The heat of the summer is in full effect. Up in the northern area of Arizona, we've started to get a bit of rain. While it's good to get rain, that brings with it humidity and mosquitos.

A Grizzly bear at Bearizona


My wife's birthday is in the last half of May. To celebrate she wanted to visit Bearizona in Williams, AZ about an hour and half away from our house.

It was great to see all the animals, primarily rescues. Badgers, birds, elk, goats, pronghorns, buffalo, arctic wolves, and, of course, bears.

Pies from Pine Country Restaurant in Williams, AZ

But maybe the primary reason for the excursion was to get pie from Pine Country Restaurant which we stopped by on our last trip to the Grand Canyon. Their pies are some of the best we've had.

Looking towards Chicago from Grant Park

Chicago, IL

The first week of June, I had a work conference in Chicago. I've visited the city a few times, but never spent a lot of time there.

I did enjoy a delicious slice of Chicago-style pizza while there, and ventured out to a speakeasy with some co-workers one evening. One of those where we needed instructions as there was a secret entrance from within a completely different bar/restaurant.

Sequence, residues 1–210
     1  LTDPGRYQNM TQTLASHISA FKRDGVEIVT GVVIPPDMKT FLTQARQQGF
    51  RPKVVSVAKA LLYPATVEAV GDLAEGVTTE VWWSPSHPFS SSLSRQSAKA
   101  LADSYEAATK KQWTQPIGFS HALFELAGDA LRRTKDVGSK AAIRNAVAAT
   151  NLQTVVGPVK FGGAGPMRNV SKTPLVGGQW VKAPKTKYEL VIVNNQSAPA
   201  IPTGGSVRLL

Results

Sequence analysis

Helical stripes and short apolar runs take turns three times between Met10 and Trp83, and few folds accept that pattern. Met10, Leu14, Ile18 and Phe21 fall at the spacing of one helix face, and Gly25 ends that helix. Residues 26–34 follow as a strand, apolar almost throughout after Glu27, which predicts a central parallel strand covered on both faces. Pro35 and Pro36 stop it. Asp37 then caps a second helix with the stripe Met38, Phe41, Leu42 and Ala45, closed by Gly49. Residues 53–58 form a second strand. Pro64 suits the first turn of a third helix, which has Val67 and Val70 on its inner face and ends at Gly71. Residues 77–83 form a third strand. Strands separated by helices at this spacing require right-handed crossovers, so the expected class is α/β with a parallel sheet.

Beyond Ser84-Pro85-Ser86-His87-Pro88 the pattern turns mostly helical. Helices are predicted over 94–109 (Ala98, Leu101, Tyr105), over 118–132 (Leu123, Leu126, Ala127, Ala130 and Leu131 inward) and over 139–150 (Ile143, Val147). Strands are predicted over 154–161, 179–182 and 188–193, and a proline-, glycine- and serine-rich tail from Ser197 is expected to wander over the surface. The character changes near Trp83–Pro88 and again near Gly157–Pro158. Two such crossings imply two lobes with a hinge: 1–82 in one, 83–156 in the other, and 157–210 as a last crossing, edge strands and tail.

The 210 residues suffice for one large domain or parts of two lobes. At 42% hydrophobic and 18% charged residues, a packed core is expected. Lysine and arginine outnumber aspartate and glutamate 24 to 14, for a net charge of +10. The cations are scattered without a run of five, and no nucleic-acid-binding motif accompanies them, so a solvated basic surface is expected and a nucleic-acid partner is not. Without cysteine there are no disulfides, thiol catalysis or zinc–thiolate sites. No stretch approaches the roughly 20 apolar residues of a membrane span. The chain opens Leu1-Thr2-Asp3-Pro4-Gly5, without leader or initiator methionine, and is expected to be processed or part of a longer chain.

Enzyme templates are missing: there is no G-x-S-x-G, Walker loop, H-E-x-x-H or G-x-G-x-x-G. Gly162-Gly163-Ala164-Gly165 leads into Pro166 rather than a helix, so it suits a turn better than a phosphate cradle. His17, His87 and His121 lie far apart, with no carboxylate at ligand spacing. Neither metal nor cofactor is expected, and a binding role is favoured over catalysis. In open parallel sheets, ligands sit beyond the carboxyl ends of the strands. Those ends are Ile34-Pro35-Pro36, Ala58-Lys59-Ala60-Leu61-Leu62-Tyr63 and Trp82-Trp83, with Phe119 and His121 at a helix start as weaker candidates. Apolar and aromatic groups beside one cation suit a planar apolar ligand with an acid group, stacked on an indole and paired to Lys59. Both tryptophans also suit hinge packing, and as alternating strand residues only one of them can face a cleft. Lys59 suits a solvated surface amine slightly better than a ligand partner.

The Drifter, a speakeasy in Chicago.


  • Furiosa: A Mad Max Saga was my most anticipated film of the summer. I wasn't disappointed. I felt this was just as good as the last Mad Max film. Great on the big screen.
  • Atlas launched direct to Netflix. I had to sit and think about it a bit to recall much about it just now. I guess that says something. Overall, it was a big meh.
  • Lovely, Dark, and Deep was a creepy film that came out recently and no available to watch on Tubi. I love the outdoors, so being a film about a park ranger may have made it a little more interesting to me. The last half hour goes into some weird places. Overall, I enjoyed it, but may be hit-or-miss for some.
  • Thelma is about a 90+ year old grandmother who goes on an adventure to recover the money a phone scammer swindled her out of. It was delightful. Funny, but also drawing attention to how elderly folks are treated. Was especially hilarious to see action scenes for a 90+ old person. Dangerous things like climbing stairs, or just trying to reach something up high.

Reelhouse Foundation Films

Only one film since last time, and it was special because it was selected not long after the Dallas/Fort Worth area Alamo Drafthouse Cinemas were closed after the franchise owners declared bankruptcy. There was a lot of sadness in the community.

  • The Last Night at the Alamo (1983) is about the last night of a small town Texas bar coincidentally called, The Alamo. It was amazing, primarily because having grown up in a small town in Texas, it felt exactly like it would felt to be in a real live Texas bar at that time in Texas history.

Update: This past week, Alamo Drafthouse corporate bought the most of the closed locations in the Dallas/Fort Worth area and plan to reopen them soon. On the surface, this is great, happy, news! However, there's the little voice inside that's telling me that since Sony Entertainment bought Alamo Drafthouse, there's doubt the Alamo will retain it's magic long-term. We'll just have to wait and see.